Equipment check

Next up is an equipment check. We check our equipment every shift to be sure we're as prepared as possible for the shift ahead of us.

3.40pm

Road traffic Collison

The first call of the shift comes in as a RTC. Time to get our blue lights on and get down to the scene. 

3.45pm

At the scene

We arrive at the scene and it appears to be a minor RTC with no injury. We take statements, run checks and support partner agencies in clearing the road.

5pm

Aggressive male

A new call comes in about an agressive male in a near by street, we head straight there to calm the situation down and move the male along. 

5.30pm

Paperwork

It's back to the station to fill out the paperwork for the incidents of the shift so far. It's good to try and keep on top of it throughout the shift if we can

6pm

Domestic Violence Suspect

Intelligence has come in about a suspected domestic violence suspect's wherabouts, back out to attempt arrest. 

7.30pm

Time for a break

The suspect wasn't at the location and after a search of the surrounding area it's time for a break to grab some food.

7.35pm

Missing Person

The food will have to wait! A new call for a high risk missing person has come in. We join a number of other teams in the search around the loacl area.

8pm

ASB checks

The missing person is found safe and well, thankfully - it doesn't always end this way. While we are in the area we do a patrol of a well known Anti-Social Behaviour spot. 

8.30pm

Caught a break

We finally get our break! We get the chance to eat and recharge.

8.50pm

Stolen vehicle found

Our break gets cut short as intelligence comes in about a stolen vehicle being found. It's not far away from the station but we have to move now because we don't know how long it will be there for.

8.25pm

Vehicle recovered

The vehicle is recovered and the owner is notified. We'll take that as a win for this shift!

8.35pm

Final call

We get what turns out to be the final call of the shift; a drunk person making threats of violence to members of the public. Time for the blue lights again. 

9pm

Arrest made

We arrest the suspect at the scene on suspicion of being drunk and disorderly. 

9.15pm

Custody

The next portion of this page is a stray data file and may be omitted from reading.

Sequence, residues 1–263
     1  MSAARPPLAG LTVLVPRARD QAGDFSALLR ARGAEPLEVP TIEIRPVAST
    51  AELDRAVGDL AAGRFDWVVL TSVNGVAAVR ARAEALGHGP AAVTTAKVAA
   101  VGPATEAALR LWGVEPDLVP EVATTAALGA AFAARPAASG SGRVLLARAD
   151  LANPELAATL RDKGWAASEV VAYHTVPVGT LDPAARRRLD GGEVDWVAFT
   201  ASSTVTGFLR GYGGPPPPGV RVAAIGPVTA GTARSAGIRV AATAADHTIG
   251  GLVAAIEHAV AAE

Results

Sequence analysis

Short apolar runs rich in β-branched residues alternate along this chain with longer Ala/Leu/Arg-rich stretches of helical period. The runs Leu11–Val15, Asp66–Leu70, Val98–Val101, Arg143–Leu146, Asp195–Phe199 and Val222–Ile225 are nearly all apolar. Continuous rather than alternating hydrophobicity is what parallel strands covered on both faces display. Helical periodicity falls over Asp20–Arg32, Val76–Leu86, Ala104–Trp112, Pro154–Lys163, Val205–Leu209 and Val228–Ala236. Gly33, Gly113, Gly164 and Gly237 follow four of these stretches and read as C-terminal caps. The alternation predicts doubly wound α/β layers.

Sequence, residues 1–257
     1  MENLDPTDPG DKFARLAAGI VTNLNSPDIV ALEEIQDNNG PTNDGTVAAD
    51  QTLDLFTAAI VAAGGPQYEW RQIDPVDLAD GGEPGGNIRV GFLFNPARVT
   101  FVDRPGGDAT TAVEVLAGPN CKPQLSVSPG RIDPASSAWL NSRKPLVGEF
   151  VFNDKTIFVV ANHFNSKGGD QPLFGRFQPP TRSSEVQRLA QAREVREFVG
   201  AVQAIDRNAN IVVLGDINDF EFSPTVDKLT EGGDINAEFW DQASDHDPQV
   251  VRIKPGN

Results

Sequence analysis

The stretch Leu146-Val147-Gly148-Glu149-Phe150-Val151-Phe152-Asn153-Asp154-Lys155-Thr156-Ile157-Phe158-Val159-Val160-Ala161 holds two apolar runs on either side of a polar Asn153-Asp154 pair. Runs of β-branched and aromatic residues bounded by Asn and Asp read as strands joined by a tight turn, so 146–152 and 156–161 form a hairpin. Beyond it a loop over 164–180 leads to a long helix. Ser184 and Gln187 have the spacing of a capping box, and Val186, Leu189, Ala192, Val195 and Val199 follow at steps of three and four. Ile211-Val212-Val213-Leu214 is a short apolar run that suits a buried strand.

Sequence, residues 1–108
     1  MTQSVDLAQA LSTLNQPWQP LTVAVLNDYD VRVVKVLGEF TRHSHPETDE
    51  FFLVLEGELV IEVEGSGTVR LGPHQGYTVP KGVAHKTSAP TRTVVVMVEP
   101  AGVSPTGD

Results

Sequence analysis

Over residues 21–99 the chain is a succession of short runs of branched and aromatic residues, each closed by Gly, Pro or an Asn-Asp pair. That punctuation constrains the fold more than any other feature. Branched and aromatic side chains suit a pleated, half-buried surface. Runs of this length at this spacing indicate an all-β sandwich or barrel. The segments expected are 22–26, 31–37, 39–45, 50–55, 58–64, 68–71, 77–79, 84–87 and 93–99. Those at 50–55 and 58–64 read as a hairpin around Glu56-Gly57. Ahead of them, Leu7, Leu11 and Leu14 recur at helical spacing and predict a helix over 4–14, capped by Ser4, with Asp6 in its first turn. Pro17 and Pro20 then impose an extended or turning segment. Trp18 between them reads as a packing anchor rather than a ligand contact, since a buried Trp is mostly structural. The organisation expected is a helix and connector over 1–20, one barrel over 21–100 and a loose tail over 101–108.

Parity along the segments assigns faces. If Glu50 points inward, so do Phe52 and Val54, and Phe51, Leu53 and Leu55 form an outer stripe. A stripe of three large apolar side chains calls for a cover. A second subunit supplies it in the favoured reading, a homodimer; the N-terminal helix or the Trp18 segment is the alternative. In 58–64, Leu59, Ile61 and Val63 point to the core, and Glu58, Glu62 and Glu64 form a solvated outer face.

We head to custody where there is a queue for booking in, so we wait. 

9.45pm

Suspect booked in

We complete the booking in process at the custody suite, handing over the details to the custody officer.

10pm

Back to the station

It's back to the station in time for end of shift, but there's paperwork to be done before we clock off. 

10.30pm

End of shift

Only half an hour later than planned today! It's time to clock off and head home for a rest. Tomorrow's a new shift, and who knows what it'll bring. 

Is the role for you?

While being a police officer is physically, mentally and emotionally demanding, it’s also hugely varied and incredibly rewarding. Of course, it’s vital that you’re the right person for the job. This tool will help you to explore your suitability and make a reasonably informed decision about whether or not to apply.

Please note, this tool is a guide, not a definitive statement about your suitability.

Explore your suitability
A police officer taking a training session
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Investing in your development

A respected career

As with any diverse workplace, we’ll train you to be a first-class police officer. Joining Derbyshire Constabulary as a new police constable is the start of an exciting and rewarding journey that could take you anywhere. You’ll be learning on the job from experienced colleagues and putting your training into practice - dealing with everything from robbery, burglary to missing people and domestic incidents.

You will be introduced to the community in which you will work. In addition to legislation you will learn about local police operational delivery and how you can make an impact on community concerns and problems.

Police officer taking a training session.
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Investing in your development